Class Notes (1,100,000)
CA (650,000)
UTSG (50,000)
CLA (1,000)
CLA160H1 (300)
Lecture 7

Lecture 7 - Gods and Humans in Roman Religion


Department
Classics
Course Code
CLA160H1
Professor
J.Ramsay
Lecture
7

This preview shows page 1. to view the full 5 pages of the document.
CLA310 - Religion in the Roman World
Wednesday Oct 24, 2012
Lecture 7 - Gods and Humans in Roman Religion
Group Work
Examine BNP #2.1, 2.2, 2.4, 2.7, 2.8 (Our group did 2.2)
What do these passages reveal about what characterizes Roman gods, dei?
2.1 - written by a christian. His tone is negative
2.1 - take their orders from Zeus, as must humans
2.2 - Augustine mocks pagan religion
2.8 - humans turned into gods (narrated by Livy)
2.8 - does Livy really have a source? Based on mythology and speculation. Perhaps he did
have and earlier source, but definitely not from the time of Romulus
2.8 - When humans become gods you will often find debate
2.8 - frieze of emperor becoming deified. This makes this more certain among the common
people. Those reading would be the upper class, and more open to debate (Livy presents
two stories)
2.7 - contractual relationship with claudius; give and take relationship
What do gods look like?
2.1 - Similar to humans both in appearance and personality
2.1 - gods looking like animals? Pah!
2.2 - Lares shown with sacrificial instruments
2.2 - Rubigo is personification of mildew
2.8 - Commodus dressed up as Hercules. Emulation vs. Deification
2.7 - gods worshipped without representation, but after mater magna they want to see her in
human form, where before she was just shown as a pile of rocks
2.7 - was the rock her? Symbolic of her?
How do they act?
2.2 - the gods can be temporary
2.7 - matron is promoting virtue; gods often are in support of virtue
2.7 - goddess has her own culture; her ways are foreign to rome and it might not sit well
What are their characters like?
2.2 - Lares don’t have personal individuality - more of a group personality
2.2 - Rubigo is a dread goddess, she needs to be placated
What are their responsibilities?
2.2 - gods for actions
What makes them different from humans?
2.1- have the ability to transform
How should humans act toward them?
2.2 - humans duty to worship
2.7 - a great deal of respect
2.7 - drives man crazy and he castrates himself (her priest)
Where do they come from?
2.1 - can come from obscure origins
2.7 - Mater magna comes to Rome from Carthage, from where she was called on recom-
mendation of the Sybille Books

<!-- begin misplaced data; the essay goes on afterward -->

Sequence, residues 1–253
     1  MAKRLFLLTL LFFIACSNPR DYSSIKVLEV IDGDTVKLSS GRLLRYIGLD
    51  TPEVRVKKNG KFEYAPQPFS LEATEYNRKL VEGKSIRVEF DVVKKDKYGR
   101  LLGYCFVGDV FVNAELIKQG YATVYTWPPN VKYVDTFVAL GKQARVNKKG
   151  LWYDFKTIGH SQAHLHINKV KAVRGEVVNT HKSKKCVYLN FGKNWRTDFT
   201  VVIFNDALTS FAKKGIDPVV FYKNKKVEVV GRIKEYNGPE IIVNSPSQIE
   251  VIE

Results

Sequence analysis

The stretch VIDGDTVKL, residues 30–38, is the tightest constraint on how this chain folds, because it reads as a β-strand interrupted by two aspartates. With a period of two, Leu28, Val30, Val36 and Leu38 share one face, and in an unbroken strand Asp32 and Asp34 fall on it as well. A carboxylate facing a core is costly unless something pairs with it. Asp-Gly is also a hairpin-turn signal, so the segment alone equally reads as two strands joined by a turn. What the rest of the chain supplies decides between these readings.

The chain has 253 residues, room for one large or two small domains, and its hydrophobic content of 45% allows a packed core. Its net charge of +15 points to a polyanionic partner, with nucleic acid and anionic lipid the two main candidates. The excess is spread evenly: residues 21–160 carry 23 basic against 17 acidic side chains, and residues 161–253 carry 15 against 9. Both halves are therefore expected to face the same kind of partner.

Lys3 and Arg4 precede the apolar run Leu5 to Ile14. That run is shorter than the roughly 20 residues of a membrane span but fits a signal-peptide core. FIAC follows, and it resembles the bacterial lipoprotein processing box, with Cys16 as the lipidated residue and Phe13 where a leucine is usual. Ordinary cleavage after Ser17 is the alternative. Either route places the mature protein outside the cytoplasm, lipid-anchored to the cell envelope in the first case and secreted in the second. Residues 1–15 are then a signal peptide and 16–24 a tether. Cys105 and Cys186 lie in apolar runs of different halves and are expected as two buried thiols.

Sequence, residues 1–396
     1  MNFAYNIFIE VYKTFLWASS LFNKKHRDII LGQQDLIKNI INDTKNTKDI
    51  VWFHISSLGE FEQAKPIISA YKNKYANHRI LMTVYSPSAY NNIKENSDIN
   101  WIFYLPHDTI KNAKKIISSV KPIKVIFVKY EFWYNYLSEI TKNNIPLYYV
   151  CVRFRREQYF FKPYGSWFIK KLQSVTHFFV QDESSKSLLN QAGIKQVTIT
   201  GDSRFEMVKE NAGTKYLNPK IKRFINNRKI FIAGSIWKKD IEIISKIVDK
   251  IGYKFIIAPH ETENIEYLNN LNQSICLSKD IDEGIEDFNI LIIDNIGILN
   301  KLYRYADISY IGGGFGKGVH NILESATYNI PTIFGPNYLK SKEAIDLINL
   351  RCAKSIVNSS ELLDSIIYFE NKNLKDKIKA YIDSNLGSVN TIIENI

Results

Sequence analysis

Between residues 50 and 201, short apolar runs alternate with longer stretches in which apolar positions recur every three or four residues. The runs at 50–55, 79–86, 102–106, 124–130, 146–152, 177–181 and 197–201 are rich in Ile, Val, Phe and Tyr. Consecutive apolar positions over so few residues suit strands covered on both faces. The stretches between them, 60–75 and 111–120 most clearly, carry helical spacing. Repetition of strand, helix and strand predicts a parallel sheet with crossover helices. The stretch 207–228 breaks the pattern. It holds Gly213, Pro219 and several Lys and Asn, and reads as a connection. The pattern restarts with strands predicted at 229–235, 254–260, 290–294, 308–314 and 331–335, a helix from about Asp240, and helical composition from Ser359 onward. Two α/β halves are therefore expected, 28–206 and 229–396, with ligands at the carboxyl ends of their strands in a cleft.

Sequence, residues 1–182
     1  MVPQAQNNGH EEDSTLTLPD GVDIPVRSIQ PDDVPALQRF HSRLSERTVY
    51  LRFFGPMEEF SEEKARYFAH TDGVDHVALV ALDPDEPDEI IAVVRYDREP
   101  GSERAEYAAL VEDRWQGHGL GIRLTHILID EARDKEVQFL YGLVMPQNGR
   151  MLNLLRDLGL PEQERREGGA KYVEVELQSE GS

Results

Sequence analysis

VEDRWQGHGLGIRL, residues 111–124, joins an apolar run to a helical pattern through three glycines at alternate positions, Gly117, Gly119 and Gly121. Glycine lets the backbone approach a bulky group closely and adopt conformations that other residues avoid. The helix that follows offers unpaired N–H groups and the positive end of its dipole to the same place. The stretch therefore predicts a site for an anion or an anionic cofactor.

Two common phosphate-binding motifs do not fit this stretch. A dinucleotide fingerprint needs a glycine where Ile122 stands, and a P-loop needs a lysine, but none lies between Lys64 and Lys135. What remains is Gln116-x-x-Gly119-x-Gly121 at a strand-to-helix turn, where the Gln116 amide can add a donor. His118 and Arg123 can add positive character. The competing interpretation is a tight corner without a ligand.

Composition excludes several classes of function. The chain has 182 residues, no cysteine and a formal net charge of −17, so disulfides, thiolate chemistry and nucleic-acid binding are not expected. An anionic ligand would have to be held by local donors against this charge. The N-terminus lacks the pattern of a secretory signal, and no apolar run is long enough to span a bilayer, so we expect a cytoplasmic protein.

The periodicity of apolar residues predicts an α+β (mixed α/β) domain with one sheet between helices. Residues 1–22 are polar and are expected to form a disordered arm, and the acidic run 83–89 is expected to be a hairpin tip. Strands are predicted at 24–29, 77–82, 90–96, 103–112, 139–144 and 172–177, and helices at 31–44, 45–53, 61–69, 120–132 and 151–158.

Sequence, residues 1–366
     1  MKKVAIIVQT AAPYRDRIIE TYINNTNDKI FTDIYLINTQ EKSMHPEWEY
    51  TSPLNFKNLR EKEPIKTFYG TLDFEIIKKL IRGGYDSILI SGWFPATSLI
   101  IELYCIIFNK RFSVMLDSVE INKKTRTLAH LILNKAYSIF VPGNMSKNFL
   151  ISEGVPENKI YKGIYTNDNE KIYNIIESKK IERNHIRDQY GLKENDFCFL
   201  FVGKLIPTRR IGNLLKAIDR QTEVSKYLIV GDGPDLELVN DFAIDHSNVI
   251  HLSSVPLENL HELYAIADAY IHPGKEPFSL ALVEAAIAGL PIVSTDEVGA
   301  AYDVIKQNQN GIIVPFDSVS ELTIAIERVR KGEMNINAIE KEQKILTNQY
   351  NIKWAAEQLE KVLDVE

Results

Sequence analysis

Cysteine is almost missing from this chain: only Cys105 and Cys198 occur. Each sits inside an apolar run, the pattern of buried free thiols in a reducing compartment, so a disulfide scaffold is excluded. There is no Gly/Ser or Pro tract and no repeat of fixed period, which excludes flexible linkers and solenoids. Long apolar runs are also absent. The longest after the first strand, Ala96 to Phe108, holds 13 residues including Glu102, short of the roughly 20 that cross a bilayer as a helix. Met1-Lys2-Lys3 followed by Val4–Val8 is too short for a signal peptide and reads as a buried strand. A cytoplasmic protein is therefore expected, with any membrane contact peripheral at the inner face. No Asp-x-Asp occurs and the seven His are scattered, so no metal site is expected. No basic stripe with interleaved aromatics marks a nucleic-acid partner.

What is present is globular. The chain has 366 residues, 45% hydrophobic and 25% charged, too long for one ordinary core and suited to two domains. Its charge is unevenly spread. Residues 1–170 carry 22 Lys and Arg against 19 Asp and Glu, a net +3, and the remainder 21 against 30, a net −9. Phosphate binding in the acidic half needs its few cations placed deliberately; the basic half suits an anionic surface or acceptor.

You're Reading a Preview

Unlock to view full version

Only page 1 are available for preview. Some parts have been intentionally blurred.

CLA310 - Religion in the Roman World
Wednesday Oct 24, 2012
Lecture 7 - Gods and Humans in Roman Religion
2.7 - they need something physical to show she has come - i.e., the rock that had fallen
from the heavens (probably a meteorite)
In summary:
Anthropomorphic
Yet often described as being greater than humans
To a certain extent are concerned with justice/virtue, but may not always observe that. If
they break they are not subject to human penalties
May have distinct personalities, may not
Change their moods - not predictable
That’s why you have augers and auspices to figure this out
Humans can become gods but the Romans aren’t always sure what to do regarding this
People might still be a touch uneasy with it
Are humans and gods the same species?
Gods and Kings in the Ancient Mediterranean
Persian kings buddies with the gods
Image: relief from 3rd century BC: Artexerxes, founder of Assassinid Empire
Depicted as the same size - equal
Alexander received persian traditions into his own court when he conquered them
Had Persians intermarry with Greeks
Adopted persian kids and raised them greeks
Wanted to show what he could do
His successors tried to imitate this
Start receiving honors and titles that make them sound like gods
Images
Coin of Seleucid King (Antiacus Epiphanies, 4th king)
His second title means “god manifest”
Famous cause he tried to get a statue of zeus put up in a jewish temple
Macabian revolt
His coin is the first time you have a kings face on a coin
Calls himself the “bearer of victory”
Victory personified as the goddess Nike
This means “I have divine favor of Goddess Nike” CAUSE I AM A GOD!
Romans would have been aware of this - and at this time probably disapproved
They would never mint an image of a living roman though - perhaps a renowned ancestor
Image of Hercules
Romans very early on exposed to cult of hercules
Southern Italy - magna graeca
Herc defeats a giant when mortal, and then later gets deified
Romans had worship of him from earliest days
He becomes more and more important throughout roman religion
Interesting cause he is a mortal, and a god
You're Reading a Preview

Unlock to view full version